Tuesday, April 04, 2006

On the First Anniversary of the French Rejection of the European Constitution: Why the Proposed Constitution for the E.U. May be Better Left Dead

It has been almost a year since the French electorate refused to ratify the proposed European Union Constitutional Treaty. That reject in 2005 produced a certain theatrically over dramatic bit of reaction from media and political elites in the United States and Europe. At the time, the French government began to look for the appropriate high level official to cashier, as if the machinations of a single person or government might have better manipulated a docile population into cooperating more fully with its political masters. The Euro fell slightly in value as against the U.S. Dollar, as if to suggest that the rejection of a document characterized by Prime Minister Blair as changing relatively little would somehow affect the international financial status quo. American pundits chuckled at the complexity of a document that was virtually unreadable, and on this basis pronounced it rightly unfit for the establishment of a governance system. The Americans, of course, given their culturally induced short attention spans, are happy to forgetting, for a moment, that the documents the Constitutional Treaty sought to replace are no less complex, yet have worked extraordinarily well in reconstituting Europe as a great economic power. We were told that the experiment that is European integration had been damaged, perhaps even mortally wounded.

One year on from this disaster, European elites still cling to the notion that some sort of constitutional project, perhaps even a resurrection of the lost cause of last year, would be in Europe’s long-term best interest. With each successive E.U. Presidency, there is a carefully cultivated expectation of constitutional revival. Yet, the past year has demonstrated that the reality is nothing like the hysterics blasted from out of the propaganda machinery of the European elites for the benefit of the impressionable in the aftermath of the French vote. The rejection by French voters ought to serve to remind Europeans that the institutions they have so carefully built over the last half century may be worth preserving, and that momentous changes in political organization of the type to which the European Constitutional Treaty pointed (though by no means was prepared to grasp) require a more thorough and transparent political dialogue before they are adopted.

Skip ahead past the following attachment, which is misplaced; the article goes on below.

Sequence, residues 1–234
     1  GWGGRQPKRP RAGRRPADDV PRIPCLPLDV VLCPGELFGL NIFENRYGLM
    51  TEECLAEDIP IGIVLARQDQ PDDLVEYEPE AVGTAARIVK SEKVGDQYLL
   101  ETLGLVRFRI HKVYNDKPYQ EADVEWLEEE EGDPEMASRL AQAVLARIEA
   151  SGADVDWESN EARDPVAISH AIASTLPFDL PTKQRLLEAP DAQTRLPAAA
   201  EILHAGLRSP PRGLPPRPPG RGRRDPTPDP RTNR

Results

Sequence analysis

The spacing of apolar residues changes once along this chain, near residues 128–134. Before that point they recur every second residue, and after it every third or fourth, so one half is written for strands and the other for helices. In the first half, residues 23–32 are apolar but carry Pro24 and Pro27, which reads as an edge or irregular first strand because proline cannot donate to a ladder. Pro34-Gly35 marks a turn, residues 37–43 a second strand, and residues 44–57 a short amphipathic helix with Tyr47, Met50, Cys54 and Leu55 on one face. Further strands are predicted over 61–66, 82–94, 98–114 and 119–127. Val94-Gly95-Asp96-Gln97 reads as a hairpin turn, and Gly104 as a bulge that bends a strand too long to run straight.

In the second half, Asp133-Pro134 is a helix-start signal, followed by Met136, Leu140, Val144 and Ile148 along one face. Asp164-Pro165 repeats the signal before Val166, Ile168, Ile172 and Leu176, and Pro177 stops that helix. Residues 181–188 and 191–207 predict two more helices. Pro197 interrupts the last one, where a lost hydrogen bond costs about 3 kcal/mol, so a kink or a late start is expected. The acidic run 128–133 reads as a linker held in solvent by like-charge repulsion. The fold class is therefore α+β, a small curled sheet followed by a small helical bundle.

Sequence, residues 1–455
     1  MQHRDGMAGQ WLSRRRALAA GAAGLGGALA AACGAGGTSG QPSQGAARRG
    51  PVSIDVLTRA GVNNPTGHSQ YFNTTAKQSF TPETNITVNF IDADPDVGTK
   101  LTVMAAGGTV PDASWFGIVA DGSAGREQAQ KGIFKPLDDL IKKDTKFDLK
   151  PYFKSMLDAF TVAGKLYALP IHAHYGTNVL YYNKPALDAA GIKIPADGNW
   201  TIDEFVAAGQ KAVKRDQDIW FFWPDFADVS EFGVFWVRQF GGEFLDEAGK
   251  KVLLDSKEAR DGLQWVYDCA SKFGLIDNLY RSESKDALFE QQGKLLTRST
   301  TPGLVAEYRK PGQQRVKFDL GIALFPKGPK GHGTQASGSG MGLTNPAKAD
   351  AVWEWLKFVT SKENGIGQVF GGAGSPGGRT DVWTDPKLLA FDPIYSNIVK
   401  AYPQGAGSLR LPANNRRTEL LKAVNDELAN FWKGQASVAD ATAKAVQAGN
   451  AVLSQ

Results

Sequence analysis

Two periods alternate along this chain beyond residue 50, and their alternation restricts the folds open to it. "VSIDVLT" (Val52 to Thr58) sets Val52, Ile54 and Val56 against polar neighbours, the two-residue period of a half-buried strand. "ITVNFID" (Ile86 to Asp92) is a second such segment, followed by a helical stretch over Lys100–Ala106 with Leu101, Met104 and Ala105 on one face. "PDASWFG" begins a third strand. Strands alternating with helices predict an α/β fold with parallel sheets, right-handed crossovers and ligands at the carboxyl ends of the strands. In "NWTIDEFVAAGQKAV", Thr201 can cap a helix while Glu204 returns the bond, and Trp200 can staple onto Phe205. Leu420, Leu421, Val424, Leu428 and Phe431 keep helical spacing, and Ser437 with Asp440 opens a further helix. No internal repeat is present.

What, exactly, were the consequences for Europe after its effective rejection of the proposed Constitutional Treaty?

The precise answer, in a word, is nothing.

A slightly longer answer starts by reminding the reader that, at the time of its unveiling, several key proponents of the proposed Constitution, especially within the United Kingdom, suggested that the proposed instrument was largely technical in nature, effecting no substantial fundamental changes in European governance. To the extent that changes have not been made, a new form of instrument, especially an instrument the form of which might be used to effect changes not bargained for, seemed unnecessary at best and anti-democratic at worst. To the extent that technical changes were offered, dealing with enlargement and the like, it seemed that well targeted appropriate amendments to the present Treaties were a better alternative. To pour technical changes into a new instrument suggested that the changes in the proposed Constitution were more substantive and less technical than advertised. Given the thrust of the language and the centralizing proclivities of the European Court of Justice, this reading was not far fetched.

Those who continue to contemplate committing their nations to the embedded vision of progress toward some state of political being, as well as to the technical terms contained in an instrument purporting to be one thing and suggesting any number of other things, might well heed this caution: it might be prudent to be clear about the exact nature of the commitment and realistic about the feasibility of controlling participation in a political system in which control by any one Member State is limited at best. To the extent that France and Germany continue to believe that they can amplify their national instruments through control of the instrumentalities of a docile and obedient European Union, might do well to remember the difficulties of herding the E.U. to a common policy with respect to the American invasion of Iraq. Both might also contemplate the fate of Virginia and New York under the federal constitution, very influential in the 18th century, and far less so in the 21st. Moreover, as the American constitutional experience has well demonstrated, embedding disagreement in constitutional text is a dangerous thing indeed. To defer consensus on fundamental issues by embedding disagreement within the text itself is to invite decision by others. And within the European Union, the European Court of Justice has assumed that task, to a significant extent.